Remember when you were a kid, and learning to read was a big deal? Most kids struggle over words that are spelled oddly or ones with too many syllables. Perhaps that’s why it was such a milestone to be able to read beyond a picture book. When those little kids grow up, though, instead of getting cozy on the couch with a book, they’re more inclined to sit on the couch to watch TV. What’s happened to the art of reading?
Reading for Information
Fifty years ago, some made their living by going door-to-door selling encyclopedias. Nowadays, very few families have those in their homes. In fact, many children have no clue what one of those is.
Nowadays if we want quick information, a fact or a definition, we pull out our smartphones. The response to your question appears on the screen more quickly than even Marian the Librarian could deliver it. We rely on phones rather than on libraries, and soon, sadly, those might even go out of style. Most people don’t enjoy the spirit of the search; instead, they want the information pronto. They’ve got a good point.
Reading for Knowledge
There’s a difference between information and knowledge. Information is a fact, in a paragraph or two. Knowledge is learning more in depth about a topic. Once again, people rather reluctantly reach for a book to learn more about a topic. Even students at universities nowadays read their course books online, a few chapters from each. Reading is reading whether the book is an electronic version or a hard copy. Instead of reading, though, many people want to see the book in moving parts, so they’ll scroll through the Internet and find a video to watch that instead.
Well-read people seem to know a little something about everything. Sure, you can do the same by reading the blurbs on the Internet. They might argue that books are out-of-date almost as soon as they are published, that knowledge doubles every 12 months, so how can books keep up? It’s much easier to update a website. They’ve got a good point.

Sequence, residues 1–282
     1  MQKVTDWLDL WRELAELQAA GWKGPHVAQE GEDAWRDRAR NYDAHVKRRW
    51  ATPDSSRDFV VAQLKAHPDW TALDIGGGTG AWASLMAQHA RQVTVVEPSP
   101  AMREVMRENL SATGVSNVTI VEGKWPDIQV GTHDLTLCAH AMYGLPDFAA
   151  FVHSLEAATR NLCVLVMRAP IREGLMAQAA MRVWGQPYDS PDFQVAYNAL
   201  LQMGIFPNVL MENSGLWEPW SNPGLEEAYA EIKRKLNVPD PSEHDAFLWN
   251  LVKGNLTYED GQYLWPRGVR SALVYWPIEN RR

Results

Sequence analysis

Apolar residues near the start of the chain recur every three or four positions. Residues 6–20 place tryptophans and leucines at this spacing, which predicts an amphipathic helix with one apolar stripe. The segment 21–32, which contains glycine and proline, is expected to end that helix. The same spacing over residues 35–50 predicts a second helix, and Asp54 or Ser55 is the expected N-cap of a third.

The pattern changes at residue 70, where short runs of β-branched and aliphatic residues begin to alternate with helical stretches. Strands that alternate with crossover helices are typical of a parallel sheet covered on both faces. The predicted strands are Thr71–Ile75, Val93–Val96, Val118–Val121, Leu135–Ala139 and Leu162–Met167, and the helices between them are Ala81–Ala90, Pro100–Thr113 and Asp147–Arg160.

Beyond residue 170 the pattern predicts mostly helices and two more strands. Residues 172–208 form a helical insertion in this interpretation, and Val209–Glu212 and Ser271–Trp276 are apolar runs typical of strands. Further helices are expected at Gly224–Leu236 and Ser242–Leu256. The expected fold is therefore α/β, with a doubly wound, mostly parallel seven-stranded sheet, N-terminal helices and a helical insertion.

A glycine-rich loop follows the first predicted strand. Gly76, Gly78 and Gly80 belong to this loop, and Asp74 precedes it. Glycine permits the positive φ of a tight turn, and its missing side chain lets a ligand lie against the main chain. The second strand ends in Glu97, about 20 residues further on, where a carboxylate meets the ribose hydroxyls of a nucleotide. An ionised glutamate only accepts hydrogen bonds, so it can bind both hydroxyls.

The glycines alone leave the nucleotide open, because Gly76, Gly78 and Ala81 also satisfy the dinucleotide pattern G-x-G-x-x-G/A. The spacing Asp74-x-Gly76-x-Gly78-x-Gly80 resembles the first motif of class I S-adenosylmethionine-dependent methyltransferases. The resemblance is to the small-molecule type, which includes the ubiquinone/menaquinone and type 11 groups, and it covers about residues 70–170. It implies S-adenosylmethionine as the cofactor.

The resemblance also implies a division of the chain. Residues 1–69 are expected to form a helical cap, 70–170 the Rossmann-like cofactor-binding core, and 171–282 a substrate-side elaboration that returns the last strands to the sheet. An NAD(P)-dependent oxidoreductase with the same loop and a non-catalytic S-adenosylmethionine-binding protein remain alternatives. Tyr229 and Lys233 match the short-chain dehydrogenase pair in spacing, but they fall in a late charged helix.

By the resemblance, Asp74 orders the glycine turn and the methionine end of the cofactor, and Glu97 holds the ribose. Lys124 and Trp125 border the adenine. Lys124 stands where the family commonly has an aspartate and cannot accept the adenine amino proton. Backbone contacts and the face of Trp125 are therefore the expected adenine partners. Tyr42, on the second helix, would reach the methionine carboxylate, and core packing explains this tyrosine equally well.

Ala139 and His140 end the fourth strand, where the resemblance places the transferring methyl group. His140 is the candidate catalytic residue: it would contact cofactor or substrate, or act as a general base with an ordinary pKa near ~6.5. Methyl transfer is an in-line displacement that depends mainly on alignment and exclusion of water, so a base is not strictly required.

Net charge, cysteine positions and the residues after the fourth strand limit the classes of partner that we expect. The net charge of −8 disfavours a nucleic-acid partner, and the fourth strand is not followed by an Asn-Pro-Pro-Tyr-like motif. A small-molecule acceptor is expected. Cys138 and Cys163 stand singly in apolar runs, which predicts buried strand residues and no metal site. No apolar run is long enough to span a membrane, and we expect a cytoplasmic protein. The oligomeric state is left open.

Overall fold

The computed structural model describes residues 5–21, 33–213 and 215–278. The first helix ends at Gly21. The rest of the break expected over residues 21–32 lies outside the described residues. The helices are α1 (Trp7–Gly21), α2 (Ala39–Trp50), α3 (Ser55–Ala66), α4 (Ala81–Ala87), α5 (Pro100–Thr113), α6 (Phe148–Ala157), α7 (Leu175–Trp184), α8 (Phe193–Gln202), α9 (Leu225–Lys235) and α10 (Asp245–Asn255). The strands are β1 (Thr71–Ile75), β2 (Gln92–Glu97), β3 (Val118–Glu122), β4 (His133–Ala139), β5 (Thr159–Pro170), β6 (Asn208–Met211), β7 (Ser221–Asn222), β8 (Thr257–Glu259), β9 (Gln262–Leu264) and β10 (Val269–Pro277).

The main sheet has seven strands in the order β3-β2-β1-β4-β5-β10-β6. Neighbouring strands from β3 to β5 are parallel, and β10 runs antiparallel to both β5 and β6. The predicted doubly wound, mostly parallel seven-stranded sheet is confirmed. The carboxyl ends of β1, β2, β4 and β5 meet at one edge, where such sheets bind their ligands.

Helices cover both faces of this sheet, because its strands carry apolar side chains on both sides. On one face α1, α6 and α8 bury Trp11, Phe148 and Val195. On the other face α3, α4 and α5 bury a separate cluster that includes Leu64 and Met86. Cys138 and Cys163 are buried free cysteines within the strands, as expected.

Reading for Relaxation
Here’s the missing element. Back in the day, people would find it comfy-cozy to relax with a book, allowing their minds to create the pictures described by the author, whether the book was fact or fiction, history or fantasy. Some would promise themselves to get up and do other things after reading just one more chapter. Still others would go beyond that and stay up all night with a book that had a stranglehold on their imagination, oblivious of the time.
You might remember books like that which kept you captivated. This next generation may not have that same experience, especially when you look at today’s numbers of today’s adults. There’s something special about the feel of a book and turning the pages, one by one. Studies show that the average American reads only 3 to 4 books a year, although the typical person reads 12. In fact, most adults will read only 200 books in their entire lifetime. By comparison, if a bibliophile read a book every day for 73 years, he would have read 26,000 books. To most, the enormity of that is exhausting.They’ve got a good point.
No matter what the reason, reading is an essential activity. By doing so, we flex our thinking, widen our perspective, and keep in the know. Perhaps you’ll never read a book a day, but be sure to pick up a book a couple of times a year to learn more about yourself, about the world, about business. Once we’re finished with our formal education, we get to choose what we read – so find a genre that intrigues you, and keep feeding your mind with books of one type or another. Lifelong learners keep reading to learn more.
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